This parasite protects itself from the immune system with a camouflage function

This parasite protects itself from the immune system with a camouflage function

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How the trigger of African sleeping sickness is hidden in the body

The human and animal immune system is designed to remove defective germs from the organism. Of course, this is not in the interest of the invaders who want to spread unhindered. The parasite Trypanosoma - trigger of African sleeping sickness - has developed a particularly sophisticated system to protect itself from being eradicated by the immune system. It has a camouflage function that constantly changes its surface. So it cannot be recognized by the immune system.

Researchers at the Ludwig Maximilians University in Munich have succeeded in sequencing the entire genome of the parasite Trypanosoma. In doing so, they explained how the parasite manages to evade the immune system in the long term. A sophisticated camouflage strategy makes it virtually invisible to the immune system. In this way, the germ reaches a permanent infection in its host. The study results were recently published in the renowned journal "Nature".

Changing surface structure

As the researchers report, trypanosomes are able to constantly change their surface structure. To do this, you can activate or deactivate certain proteins. In this way you can generate 2000 different surface variants. Based on the surface structure, the immune system judges whether an organism should be controlled or not. The system needs a certain amount of time to make this assessment. Due to the constant change, the immune system cannot recognize the parasite as foreign and it is therefore not combated.

What diseases can the parasite cause?

Trypanosomes can infect the blood of various vertebrates. In most cases, it is transmitted by insects such as the tsetse fly. The causative agent can cause the Nagana epidemic in cattle and the often fatal African sleeping sickness in humans. Symptoms include fever, chills, swelling of the lymph nodes, headache, body aches, edema and itchy rashes. If the parasite attacks the brain, which can take weeks to years, sleep disorders, restlessness, irritability and personality disorders occur. In the further course, epilepsy, speech and coordination disorders as well as chronic fatigue are added. Ultimately, those affected fall into a coma that usually ends in death.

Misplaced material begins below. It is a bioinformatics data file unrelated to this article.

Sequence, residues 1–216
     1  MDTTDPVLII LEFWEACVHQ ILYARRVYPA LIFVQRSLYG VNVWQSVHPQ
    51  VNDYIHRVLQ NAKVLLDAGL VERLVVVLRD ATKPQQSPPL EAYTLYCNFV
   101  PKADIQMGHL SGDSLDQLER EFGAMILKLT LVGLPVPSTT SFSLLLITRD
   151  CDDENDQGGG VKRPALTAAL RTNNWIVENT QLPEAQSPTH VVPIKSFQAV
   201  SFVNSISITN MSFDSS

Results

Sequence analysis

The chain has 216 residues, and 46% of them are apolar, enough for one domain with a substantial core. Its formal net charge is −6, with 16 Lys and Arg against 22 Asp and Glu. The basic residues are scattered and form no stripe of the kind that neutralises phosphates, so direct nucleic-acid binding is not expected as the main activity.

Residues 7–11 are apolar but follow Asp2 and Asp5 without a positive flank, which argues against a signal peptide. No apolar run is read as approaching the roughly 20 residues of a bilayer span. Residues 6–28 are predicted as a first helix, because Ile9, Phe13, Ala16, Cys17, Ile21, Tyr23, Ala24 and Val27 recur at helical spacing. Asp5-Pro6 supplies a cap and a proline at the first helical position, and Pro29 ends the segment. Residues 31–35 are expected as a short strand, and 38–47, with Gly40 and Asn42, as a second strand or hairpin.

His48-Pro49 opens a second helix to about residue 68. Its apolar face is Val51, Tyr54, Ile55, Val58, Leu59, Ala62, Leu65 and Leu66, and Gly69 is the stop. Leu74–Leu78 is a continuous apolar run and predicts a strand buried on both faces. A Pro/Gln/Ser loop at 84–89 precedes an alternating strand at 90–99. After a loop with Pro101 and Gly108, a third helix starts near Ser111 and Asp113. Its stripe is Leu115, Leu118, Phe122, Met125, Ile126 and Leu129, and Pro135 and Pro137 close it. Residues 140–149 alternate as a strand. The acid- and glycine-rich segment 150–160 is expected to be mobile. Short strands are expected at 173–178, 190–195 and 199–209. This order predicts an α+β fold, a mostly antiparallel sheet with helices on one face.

The amazing ability to change shape

"We are particularly interested in how this genetic variability is regulated," study director Professor Nicolai Siegel explains in a press release on the study results. The researchers have decoded the entire genome of the parasite Trypanosoma brucei and arranged it in three dimensions. The team was able to identify the proteins that are responsible for the camouflage function. These protein variants are located in the cell nucleus at the same locations where the genes encoding the surface proteins are located. The removal of certain proteins from this complex changed the entire three-dimensional structure of the parasite's DNA.

New strategies to combat

"A better understanding of these defense mechanisms is also important for research into other diseases," the researchers write. In the constant struggle between the host's immune system and the intruder, numerous other germs have developed similarly effective strategies. The scientists cite malaria pathogens, Candida intestinal fungi and many types of bacteria as examples. (vb)

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